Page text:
Omicron spreading at an unprecedented rate, warns World Health Organization

WION Web Team
Geneva, Switzerland Published: Dec 14, 2021, 10:50 PM(IST)

Passengers wearing protective masks enter an underground railway station, amid the spread of the coronavirus disease (COVID-19) pandemic, in Stockholm, Sweden Photograph:( Reuters )

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The WHO said there were early signs that vaccinated and previously infected people would not build enough antibodies to ward off infection from Omicron

The World Health Organization has said that the Omicron variant of coronavirus is spreading at an unprecedented rate.

"Seventy-seven countries have now reported cases of Omicron, and the reality is that Omicron is probably in most countries, even if it hasn't been detected yet," WHO chief Tedros Adhanom Ghebreyesus told reporters.

"Omicron is spreading at a rate we have not seen with any previous variant," he added.

Considerable uncertainties surround Omicron, first detected last month in southern Africa and Hong Kong.

Researchers around the world are rushing to figure out what the variant will mean for the coronavirus pandemic now well into its second year. 

Also read | 'Red list is less effective': UK to lift travel ban on 11 African countries

The WHO said there were early signs that vaccinated and previously infected people would not build enough antibodies to ward off infection from Omicron, resulting in high transmission rates and "severe consequences".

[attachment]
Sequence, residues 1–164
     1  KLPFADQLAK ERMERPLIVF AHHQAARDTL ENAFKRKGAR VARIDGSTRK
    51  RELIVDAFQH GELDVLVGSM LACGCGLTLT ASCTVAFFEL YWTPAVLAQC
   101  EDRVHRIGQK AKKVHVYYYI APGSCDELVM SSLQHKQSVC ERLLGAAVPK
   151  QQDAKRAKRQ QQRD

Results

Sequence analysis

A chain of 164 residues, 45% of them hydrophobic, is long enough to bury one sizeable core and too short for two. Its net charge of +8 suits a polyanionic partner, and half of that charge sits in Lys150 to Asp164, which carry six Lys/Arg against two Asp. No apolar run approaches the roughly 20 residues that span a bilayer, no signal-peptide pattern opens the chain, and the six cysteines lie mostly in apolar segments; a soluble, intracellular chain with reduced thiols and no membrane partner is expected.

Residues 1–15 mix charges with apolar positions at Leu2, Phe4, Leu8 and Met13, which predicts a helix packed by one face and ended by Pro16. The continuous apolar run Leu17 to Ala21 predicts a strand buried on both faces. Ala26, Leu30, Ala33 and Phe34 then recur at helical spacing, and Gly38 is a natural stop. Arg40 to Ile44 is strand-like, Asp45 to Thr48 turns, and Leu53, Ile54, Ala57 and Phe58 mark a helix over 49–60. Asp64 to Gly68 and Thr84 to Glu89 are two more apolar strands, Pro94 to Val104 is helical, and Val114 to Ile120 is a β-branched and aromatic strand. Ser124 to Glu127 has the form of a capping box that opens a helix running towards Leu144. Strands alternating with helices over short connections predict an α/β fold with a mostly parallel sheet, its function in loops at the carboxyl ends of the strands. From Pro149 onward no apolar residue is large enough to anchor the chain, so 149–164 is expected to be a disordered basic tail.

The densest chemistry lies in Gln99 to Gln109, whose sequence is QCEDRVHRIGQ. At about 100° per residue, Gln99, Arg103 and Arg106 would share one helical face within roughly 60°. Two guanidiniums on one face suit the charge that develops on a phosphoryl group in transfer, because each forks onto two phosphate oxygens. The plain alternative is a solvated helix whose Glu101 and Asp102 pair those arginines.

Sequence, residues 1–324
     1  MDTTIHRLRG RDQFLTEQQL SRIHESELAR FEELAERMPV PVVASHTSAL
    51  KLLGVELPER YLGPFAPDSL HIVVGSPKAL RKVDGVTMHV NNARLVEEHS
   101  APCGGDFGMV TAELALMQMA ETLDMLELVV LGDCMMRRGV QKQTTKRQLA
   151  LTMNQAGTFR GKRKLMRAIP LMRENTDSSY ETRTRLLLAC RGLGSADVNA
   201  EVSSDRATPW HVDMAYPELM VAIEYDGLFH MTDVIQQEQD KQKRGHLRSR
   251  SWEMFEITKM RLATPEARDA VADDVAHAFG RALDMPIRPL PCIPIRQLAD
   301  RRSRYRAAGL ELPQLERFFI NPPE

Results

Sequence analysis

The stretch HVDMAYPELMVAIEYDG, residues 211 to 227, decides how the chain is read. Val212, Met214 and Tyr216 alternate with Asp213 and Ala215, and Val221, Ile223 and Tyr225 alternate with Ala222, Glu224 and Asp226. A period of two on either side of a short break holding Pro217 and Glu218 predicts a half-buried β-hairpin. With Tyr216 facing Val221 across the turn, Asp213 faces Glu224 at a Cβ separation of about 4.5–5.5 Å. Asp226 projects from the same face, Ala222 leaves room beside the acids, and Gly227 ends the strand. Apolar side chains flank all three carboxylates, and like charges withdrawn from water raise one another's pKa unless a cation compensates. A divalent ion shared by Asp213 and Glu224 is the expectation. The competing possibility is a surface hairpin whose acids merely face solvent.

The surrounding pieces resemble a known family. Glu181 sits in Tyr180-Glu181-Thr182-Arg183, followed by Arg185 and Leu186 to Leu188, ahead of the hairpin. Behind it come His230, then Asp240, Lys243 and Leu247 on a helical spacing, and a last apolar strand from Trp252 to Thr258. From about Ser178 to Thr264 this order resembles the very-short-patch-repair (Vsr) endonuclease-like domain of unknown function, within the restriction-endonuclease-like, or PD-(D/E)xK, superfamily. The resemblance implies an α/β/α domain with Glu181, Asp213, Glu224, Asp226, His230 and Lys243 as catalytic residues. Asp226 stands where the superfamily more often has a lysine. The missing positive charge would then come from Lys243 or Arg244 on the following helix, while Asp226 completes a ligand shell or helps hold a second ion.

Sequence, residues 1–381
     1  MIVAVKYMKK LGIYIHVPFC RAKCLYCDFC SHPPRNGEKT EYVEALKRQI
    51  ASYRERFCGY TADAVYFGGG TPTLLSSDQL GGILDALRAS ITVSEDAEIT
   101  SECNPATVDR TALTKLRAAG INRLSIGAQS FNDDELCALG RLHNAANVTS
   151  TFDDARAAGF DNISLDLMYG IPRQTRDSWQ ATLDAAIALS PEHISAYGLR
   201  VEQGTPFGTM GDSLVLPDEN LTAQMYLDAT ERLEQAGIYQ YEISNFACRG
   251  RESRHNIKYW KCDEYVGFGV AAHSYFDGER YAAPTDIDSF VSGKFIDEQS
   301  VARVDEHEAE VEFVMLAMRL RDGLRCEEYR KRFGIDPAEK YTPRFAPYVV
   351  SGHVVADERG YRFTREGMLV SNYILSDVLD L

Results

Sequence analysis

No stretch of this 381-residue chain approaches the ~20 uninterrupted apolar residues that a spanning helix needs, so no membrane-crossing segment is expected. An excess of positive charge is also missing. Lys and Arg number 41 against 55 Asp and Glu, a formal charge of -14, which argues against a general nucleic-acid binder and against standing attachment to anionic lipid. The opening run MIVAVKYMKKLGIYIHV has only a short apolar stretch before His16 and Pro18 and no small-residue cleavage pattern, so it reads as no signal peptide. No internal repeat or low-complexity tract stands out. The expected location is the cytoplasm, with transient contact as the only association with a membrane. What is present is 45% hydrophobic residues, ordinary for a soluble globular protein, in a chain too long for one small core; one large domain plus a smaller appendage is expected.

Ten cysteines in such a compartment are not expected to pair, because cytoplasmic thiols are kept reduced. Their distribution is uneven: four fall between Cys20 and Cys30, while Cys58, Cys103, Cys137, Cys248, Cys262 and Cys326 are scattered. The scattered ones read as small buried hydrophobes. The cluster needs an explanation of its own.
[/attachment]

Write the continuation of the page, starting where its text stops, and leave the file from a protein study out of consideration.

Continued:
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Corroborating the WHO's assessment, University of Oxford researchers published a lab analysis on Monday that registered a substantial fall in neutralising antibodies against Omicron in people who had had two doses of the COVID-19 vaccine.

Also see | Omicron chaos: A list of countries that have reported cases of new variant

The WHO cited preliminary evidence that the number of people getting reinfected with the virus has increased in South Africa.

"Even if the severity is potentially lower than for the Delta variant, it is expected that hospitalisations will increase as a result of increasing transmission. More hospitalisations can put a burden on health systems and lead to more deaths," it said.

According to Johns Hopkins University, the seven-day rolling average of daily new cases in the country rose over the past two weeks from 8.07 new cases per 100,000 people on Novemeber 29 to 34.37 new cases per 100,000 people on December 13

However, Some experts have cautioned that it’s too soon to draw conclusions about the outcomes from omicron since the variant is still quite new and hospitalisations can lag weeks behind infections.

(With inputs from agencies)

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